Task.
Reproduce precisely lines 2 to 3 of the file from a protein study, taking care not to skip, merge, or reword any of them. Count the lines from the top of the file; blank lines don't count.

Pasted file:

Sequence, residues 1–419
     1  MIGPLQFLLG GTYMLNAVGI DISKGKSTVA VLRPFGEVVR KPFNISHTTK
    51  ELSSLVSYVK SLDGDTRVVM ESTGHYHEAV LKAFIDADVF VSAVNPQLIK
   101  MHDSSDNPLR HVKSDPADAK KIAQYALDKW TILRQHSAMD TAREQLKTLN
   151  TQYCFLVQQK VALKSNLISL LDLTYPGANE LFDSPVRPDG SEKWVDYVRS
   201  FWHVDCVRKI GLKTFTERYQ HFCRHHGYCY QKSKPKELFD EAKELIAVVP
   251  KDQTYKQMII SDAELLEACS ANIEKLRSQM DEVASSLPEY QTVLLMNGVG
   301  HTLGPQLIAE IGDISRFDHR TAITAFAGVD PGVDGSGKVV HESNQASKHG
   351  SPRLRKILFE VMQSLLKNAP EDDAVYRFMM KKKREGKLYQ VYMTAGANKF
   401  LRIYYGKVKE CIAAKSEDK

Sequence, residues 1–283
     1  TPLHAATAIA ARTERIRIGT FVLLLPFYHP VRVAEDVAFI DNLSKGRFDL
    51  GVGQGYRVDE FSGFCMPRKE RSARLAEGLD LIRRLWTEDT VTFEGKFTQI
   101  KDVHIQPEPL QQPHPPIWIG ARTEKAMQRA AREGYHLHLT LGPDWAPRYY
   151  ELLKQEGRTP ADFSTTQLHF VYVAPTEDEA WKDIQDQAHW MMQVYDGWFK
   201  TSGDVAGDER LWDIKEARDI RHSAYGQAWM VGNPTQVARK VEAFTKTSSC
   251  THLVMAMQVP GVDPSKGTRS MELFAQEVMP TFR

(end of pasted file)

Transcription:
     1  MIGPLQFLLG GTYMLNAVGI DISKGKSTVA VLRPFGEVVR KPFNISHTTK
    51  ELSSLVSYVK SLDGDTRVVM ESTGHYHEAV LKAFIDADVF VSAVNPQLIK